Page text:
ABSTRACT Dynein arms and isolated dynein from Paramecium tetraurelia ciliary axonemes are comparable in structure, direction of force generation, and microtubule translocation ability to other dyneins. In situ arms have dimensions and substructure similar to those of Tetrahymena. Based on spoke arrangement in intact axonemes, arms translocate axonemal microtubules in sliding such that active dynein arms are (‐) end directed motors and the doublet to which the body and cape of the arms binds (N) translocates the adjacent doublet (N+1) upward. After salt extraction, based on ATPase activity, paramecium dynein is found as a 22S and a 14S species. the 22S dynein is a three‐headed molecule that has unfolded from the in situ dimensions; the 14S dynein is single headed. Both dyneins can be photocleaved by UV light (350 nm) in the presence of Mg2‐, ATP and vanadate; the photocleavage pattern of 22S dynein differs from that seen with Tetrahymena. Both isolated dyneins translocate taxol‐stabilized, bovine brain microtubules in vitro. Under standard conditions, 22S dynein, like comparable dyneins from other organisms, translocates at velocities that are about three times faster than 14S dynein.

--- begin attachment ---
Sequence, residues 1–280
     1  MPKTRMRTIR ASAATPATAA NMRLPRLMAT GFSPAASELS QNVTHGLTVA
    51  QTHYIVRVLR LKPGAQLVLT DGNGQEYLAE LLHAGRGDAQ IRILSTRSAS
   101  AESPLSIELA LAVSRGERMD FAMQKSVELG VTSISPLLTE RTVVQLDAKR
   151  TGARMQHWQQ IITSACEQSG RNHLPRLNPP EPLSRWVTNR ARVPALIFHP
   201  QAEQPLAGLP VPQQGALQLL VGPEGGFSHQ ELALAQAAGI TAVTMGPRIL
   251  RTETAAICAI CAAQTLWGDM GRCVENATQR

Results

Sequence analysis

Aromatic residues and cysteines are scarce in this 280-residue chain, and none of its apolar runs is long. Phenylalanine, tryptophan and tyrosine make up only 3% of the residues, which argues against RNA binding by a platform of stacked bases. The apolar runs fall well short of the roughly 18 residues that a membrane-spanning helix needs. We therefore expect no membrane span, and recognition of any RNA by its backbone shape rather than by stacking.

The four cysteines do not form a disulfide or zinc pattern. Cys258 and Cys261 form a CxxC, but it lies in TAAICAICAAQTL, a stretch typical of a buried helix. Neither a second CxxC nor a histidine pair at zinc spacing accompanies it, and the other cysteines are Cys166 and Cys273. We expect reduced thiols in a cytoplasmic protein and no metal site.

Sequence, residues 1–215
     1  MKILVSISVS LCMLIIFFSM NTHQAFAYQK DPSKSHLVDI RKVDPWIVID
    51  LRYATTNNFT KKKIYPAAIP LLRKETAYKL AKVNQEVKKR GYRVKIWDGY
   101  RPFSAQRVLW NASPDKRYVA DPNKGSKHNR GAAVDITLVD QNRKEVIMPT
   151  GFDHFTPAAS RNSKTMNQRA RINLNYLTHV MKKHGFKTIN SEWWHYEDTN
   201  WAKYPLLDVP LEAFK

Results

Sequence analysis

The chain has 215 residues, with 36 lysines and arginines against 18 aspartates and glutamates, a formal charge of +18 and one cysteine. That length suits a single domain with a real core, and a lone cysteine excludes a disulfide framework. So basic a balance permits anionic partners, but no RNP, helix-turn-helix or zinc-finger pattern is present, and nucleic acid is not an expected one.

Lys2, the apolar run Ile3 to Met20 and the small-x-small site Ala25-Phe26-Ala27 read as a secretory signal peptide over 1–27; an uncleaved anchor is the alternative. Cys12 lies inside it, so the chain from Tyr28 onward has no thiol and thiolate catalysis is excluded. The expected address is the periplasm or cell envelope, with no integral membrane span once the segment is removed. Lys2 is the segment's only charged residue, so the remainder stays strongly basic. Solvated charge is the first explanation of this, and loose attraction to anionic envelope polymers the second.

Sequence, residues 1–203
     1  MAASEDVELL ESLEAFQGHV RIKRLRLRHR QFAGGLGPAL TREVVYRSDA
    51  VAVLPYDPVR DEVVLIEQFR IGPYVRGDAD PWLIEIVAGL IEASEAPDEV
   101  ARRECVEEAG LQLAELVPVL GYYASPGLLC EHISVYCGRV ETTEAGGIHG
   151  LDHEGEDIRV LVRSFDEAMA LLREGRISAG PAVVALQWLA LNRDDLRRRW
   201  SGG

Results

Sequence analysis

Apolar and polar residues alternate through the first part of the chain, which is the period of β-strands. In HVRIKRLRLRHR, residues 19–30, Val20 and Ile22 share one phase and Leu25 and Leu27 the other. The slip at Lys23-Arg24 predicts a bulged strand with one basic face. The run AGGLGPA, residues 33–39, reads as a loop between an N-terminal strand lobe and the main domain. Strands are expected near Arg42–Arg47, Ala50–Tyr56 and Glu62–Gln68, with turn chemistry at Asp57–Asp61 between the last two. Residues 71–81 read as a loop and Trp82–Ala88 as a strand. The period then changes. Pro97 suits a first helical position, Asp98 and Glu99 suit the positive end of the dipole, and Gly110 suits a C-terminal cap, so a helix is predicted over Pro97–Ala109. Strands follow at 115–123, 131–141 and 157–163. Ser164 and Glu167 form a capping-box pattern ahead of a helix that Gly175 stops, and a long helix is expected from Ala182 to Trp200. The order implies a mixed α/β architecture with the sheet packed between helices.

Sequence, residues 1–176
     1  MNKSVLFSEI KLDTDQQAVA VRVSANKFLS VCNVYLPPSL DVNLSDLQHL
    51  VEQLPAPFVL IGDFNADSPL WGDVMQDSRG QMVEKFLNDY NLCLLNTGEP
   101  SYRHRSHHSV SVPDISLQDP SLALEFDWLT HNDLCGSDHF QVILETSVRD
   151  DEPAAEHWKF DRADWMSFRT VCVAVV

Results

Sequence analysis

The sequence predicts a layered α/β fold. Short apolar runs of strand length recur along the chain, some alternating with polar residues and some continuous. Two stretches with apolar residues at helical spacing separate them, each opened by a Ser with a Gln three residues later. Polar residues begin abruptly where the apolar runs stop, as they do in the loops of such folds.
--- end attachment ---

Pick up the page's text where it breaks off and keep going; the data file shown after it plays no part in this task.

|Original language||English (US)|
|Number of pages||7|
|Journal||The Journal of protozoology|
|State||Published - Jan 1991|
- microtubule‐based motility.
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